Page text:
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Red Mill Haddiscoe Island, Norfolk.

about Haddiscoe Island, Norfolk

Once upon a time, in the age of sail when ships were small and roads were mere tracks (and usually impassable in winter), river transport was the thing. In the flatness of Broadland with its 125 miles (200km) of relatively lock-free navigation, a notable transport system developed.

First there were the square sailed keels, cumbersome craft which worked moderately well only with the wind astern although with no competition, expediency was not a claim, nor even an aspiration, of their operators.



From the keels however developed the wherries, also slow but graceful and more capable - relatively speaking - to windward, and some were still working in the early 20th century. For nearly 200 years, wherries connected the sea port of Great Yarmouth with Beccles and Bungay on the River Waveney, Aylsham and North Walsham on the canalised upper sections of the Bure and Ant and, most importantly, with the city of Norwich up ‘The Norwich River’ as the watermen called the Yare and its tributary, the Wensum.

But Norwich had a problem in that Yarmouth handled cargoes between sea-going ships and wherries and, again, with no competition, expediency was not an aspiration and neither for that matter were low charges. Yarmouth was slow and expensive.


Langley Detached Mill, right, was recently sold. The 17th century Raven Hall and Berney Arms - far left across the Yare - with sails removed are in the background. So in the early 19th century, the merchants of Norwich hatched a cunning plan. Enlisting the Norfolk born engineer, William Cubitt, inventor of the ‘patent sail’ for windmills, they sought to make Norwich directly accessible to sea-going ships. They looked at various river dredging options but finally decided to by-pass Yarmouth altogether.


The scheme, which they called ‘Norwich a Port’, involved a new canal two and a half miles long between the Rivers Yare and Waveney above their confluence at Breydon Water to the south west of Yarmouth. A new port would then be developed near the small fishing village of Lowestoft which would link with the Waveney through a channel dredged in shallow Oulton Broad connecting to a dredged and widened Oulton Dyke.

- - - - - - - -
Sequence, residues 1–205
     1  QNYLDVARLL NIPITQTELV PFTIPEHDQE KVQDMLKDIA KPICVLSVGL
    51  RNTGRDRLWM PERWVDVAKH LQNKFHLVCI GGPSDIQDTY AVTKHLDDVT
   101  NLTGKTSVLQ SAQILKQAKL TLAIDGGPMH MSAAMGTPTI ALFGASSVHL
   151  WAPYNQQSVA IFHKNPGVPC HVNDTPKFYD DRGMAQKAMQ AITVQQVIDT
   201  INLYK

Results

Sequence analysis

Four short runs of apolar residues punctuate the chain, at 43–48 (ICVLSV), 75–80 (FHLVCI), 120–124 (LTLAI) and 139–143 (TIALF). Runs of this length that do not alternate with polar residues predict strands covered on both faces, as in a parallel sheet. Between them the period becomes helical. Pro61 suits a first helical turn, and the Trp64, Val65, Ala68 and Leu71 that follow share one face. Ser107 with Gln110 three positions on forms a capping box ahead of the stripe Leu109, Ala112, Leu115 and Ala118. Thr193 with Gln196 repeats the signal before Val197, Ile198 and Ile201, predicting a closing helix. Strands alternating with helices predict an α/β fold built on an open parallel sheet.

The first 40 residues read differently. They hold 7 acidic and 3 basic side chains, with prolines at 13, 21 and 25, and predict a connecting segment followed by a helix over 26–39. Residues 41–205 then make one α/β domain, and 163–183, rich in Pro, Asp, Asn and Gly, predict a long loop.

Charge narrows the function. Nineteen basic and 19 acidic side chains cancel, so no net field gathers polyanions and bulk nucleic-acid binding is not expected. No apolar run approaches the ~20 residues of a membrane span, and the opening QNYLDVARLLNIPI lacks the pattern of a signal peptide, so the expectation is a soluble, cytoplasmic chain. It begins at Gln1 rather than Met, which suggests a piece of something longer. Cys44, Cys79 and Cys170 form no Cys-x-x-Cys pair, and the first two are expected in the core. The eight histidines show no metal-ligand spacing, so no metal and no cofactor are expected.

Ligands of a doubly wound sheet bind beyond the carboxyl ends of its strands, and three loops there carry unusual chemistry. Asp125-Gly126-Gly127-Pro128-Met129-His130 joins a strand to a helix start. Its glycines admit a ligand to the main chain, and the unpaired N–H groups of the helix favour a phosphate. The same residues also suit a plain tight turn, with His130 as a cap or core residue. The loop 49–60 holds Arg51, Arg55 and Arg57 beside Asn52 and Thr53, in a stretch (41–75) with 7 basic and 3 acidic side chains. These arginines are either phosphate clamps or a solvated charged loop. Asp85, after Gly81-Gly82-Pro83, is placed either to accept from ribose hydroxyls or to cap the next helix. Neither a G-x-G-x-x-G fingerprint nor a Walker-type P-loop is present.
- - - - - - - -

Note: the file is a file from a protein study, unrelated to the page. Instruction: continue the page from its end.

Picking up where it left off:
There was resistance from Yarmouth, of course. A House of Commons committee heard in particular from one John Bracey, Yarmouth harbour-master, who claimed the cost of towing ships up to Norwich would be prohibitive, adding: ‘They would track them up by those steamboats while they last - but they are going out’.


The first navigation bill failed in 1826, but another succeeded the following year and the New Cut linking the Yare and Waveney opened in 1832. When two sea going vessels were towed upriver to Norwich on September 30th, Norwich had indeed become a port.


But Harbour Master Bracey was right - unwittingly - in one respect, for the new navigation, though used for a long time, was never really busy. More particularly, by the second half of the century, steamboats were indeed ‘going out’ because railways were taking their business - and that of the wherries and of the navigation itself. With revenue insufficient to service borrowings, it was sold in 1844 to Samuel Morton Peto and his partners who were more interested in building a railway alongside the New Cut.


But the whole adventure had done something unusual. It had created a 2000 acre island, a wedge of grazing marsh between the Cut, the Waveney and the Yare. Today, though those waterways are heavy with holiday traffic in the warmer months, the Island, also known as Haddiscoe Island, is one of the remoter places in East Anglia.

Indeed, Haddiscoe Island is a place apart in just about every respect. There are no public roads except the A143 which clips its south-eastern corner and the only public access is by a footpath which runs around the 12 mile perimeter. There are just five dwellings on the main part of the Island, two of them 19th century, one a modern bungalow and another the thatched 17th century Raven Hall, opposite Berney Arms across the Yare. The fifth, a converted drainage mill, recently changed hands. Otherwise, the Island’s only buildings are of boating businesses on the Waveney edging St Olaves village together with a former pub which became a restaurant and is now for sale as a dwelling beside the Cut next to the main road.


Away from that road, the Island gets few visitors. Hares lope about among summer grazing cattle under a big Norfolk sky unbroken by any vertical intrusion save the few derelict drainage mills which were long ago superseded by steam engines, diesel pumps and finally electric units. Only two electric pumps are now needed. Reed beds cover the Waveney flank, filling the rond between the river wall and the river itself. Grass and reed, very much in that order, are the Island’s only products.